Archive for the ‘All’ Category

Aikido – the first five years

Just under a week ago, I underwent my Shodan exam (see here) . For a while now I’ve been wanting to write a bit of my experiences, and I figured this would be the perfect opportunity.

I started training in Aikido some five years ago. At the time I was also practicing kung-fu, and was looking for another type of martial arts. I remember stepping into the Dojo that first time, and for some reason the image that stuck with me is Chaim Noy Sensei, during warm up, warming the feet and ankles, going through toe by toe and warming them up. The attention to every body part, and care taken to properly attune oneself to training got to me. A few months later, I joined Seidokan Aikido, and within a couple of years I had left kung-fu in favor of having more time for Aikido.

Not long after I joined, Chaim invited the Dojo to his house, and we watched Aikido videos – starting with O’Sensei, and continuing through the years with Tohei Sensei, Kobayashi Sensei, and Robin Heifetz Sensei who established the Mt. Scopus Dojo where I train; Watching and discussing the development of Aikido through the years, and variations of technique style and teaching style. Discussions of technique style may be common in martial arts schools; but for me, discussing teaching styles is something I was very unused to. Years later, I can understand how this relates to a truly open system where teachers and students learn and develop together, an idea that I feel is revolutionary in martial arts where traditionally each school and teacher had been busy defending its reputation, rather than being open to continuously learning and developing. The idea of the student / the teacher / the Dojo / the system all growing together, is to me analogous to the idea of one-ness of Aikido, and also to the type of movement/body structure that is prevalent in Japanese martial arts, where the body moves as one rather than by tension between the body parts.

That year, Dan Kawakami Sensei held a seminar in Israel, at the Maa`le Hachamisha Dojo. Kawakami Sensei emphasized proper posture and concentration. In the following years I was fortunate enough to have been at seminars taught by Joe Crotti Sensei, Larry Wadahara Sensei, and this last year Doug Wedell Sensei. Each Sensei being with his unique style, for me these seminars feel progressively more meaningful, as I am able to grasp more of what is going on on the mat. At times training in Israel seems like a disadvantage, as Seidokan is headquarters in the US and Aikido in Japan; yet I realize how fortunate we are to have some of the best Aikido teachers fly over and share their knowledge and themselves with us – it is a great privilege, and every year we contemplate how to better integrate the lessons from the previous seminar into our everyday practice.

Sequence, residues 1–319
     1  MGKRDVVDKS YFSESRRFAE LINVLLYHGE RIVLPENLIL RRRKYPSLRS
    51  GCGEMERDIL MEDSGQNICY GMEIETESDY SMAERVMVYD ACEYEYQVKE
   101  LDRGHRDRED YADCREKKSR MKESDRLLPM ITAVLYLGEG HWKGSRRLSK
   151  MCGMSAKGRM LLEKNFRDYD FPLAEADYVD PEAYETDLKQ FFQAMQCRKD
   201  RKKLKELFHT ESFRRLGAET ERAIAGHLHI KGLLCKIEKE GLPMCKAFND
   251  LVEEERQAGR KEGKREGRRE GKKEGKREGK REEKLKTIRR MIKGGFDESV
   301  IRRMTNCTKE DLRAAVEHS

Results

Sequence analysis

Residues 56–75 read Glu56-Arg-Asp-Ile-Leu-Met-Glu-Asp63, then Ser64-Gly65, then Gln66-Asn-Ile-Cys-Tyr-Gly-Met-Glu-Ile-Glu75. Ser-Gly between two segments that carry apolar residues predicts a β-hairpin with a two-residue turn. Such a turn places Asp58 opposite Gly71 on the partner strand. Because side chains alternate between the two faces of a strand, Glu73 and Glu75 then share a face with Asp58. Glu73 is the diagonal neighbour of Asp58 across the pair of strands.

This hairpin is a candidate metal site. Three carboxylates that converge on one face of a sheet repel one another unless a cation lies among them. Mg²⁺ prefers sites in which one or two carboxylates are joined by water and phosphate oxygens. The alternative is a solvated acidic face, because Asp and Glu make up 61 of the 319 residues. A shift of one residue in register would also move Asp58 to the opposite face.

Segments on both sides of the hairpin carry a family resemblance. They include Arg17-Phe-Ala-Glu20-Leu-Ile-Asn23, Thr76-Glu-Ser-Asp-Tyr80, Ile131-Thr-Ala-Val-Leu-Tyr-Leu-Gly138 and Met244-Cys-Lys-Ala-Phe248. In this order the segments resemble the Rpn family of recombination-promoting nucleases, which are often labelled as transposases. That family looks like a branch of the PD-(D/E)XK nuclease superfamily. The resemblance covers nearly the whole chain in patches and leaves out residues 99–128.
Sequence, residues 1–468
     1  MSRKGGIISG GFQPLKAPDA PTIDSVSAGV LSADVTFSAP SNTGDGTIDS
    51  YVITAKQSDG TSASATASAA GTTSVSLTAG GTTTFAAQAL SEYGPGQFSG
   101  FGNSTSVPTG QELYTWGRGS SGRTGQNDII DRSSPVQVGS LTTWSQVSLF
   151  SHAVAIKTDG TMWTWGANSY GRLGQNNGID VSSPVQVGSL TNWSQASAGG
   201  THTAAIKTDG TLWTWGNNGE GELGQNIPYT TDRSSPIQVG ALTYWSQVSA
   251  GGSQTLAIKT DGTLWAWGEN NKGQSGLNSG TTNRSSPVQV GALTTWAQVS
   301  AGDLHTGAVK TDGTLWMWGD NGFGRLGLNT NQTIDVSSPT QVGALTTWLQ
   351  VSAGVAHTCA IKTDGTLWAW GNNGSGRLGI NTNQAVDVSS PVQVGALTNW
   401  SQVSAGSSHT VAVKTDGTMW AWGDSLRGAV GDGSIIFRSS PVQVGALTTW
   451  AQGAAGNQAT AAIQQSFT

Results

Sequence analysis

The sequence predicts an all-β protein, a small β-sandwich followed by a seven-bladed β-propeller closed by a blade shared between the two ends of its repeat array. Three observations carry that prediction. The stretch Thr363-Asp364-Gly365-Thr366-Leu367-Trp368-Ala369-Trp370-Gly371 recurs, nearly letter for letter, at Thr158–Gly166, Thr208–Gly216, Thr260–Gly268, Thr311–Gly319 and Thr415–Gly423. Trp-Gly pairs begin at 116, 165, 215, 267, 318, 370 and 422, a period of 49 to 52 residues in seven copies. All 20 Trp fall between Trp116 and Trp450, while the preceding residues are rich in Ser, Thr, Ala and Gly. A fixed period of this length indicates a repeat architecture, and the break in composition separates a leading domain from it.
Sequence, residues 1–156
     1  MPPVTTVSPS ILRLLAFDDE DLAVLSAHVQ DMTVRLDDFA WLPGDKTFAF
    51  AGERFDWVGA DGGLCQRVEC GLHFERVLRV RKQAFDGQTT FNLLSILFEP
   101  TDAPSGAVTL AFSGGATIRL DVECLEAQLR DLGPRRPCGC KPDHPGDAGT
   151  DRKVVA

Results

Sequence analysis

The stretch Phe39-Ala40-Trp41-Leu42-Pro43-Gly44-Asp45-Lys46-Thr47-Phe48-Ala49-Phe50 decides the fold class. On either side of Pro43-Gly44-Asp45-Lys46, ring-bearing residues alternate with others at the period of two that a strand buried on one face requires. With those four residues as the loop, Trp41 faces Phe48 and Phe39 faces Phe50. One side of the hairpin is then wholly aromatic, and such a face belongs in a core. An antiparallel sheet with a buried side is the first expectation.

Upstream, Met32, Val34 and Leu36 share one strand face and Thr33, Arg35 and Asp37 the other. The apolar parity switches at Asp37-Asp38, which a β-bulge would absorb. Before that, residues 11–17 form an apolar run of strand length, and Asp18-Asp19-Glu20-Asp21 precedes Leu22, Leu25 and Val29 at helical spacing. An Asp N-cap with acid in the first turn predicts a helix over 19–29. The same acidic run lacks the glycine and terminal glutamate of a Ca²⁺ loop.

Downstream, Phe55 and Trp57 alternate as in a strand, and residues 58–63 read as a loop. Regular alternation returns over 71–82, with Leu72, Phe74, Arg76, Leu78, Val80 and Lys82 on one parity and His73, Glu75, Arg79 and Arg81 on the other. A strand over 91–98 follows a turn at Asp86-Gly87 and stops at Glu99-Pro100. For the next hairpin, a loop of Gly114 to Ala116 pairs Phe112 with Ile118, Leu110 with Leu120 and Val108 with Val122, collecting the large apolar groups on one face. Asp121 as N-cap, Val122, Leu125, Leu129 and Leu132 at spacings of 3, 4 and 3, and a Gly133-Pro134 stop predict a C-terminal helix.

This year I was also able to attend the Summer Camp along with Chaim, which was a tremendous experience – on the mat, but just as much off the mat – meeting so many members of Seidokan whom I had never met, yet somehow we had something in common, far beyond technique or etiquette. Celebrating the 40th anniversory of AIA and the 30th of Seidokan, in the midst of the intensive training, was especially touching, though I realize the huge gap between myself, and the many present members who have been with AIA since the beginning. I was very glad to finally have met Michio Kobayashi and Mrs. Kobayashi, as well as Mark and Jenine Crepo and many other wonderful teachers and practitioners.

Looking back, I recall how confident I felt when I was starting out in Aikido, a result of lack of understanding of the art. For a while, with each rank came a new understanding of my faults and weaknesses. I feel that now it is replaced with a sense that the way is open – there are no limits to how much can be learned; If we can keep Docho-no-sei – calmness in action – on our journey, then there is no reason to wonder how much there is to go, but rather we can enjoy the Do – the way.


2009 Yamada Sensei Seminar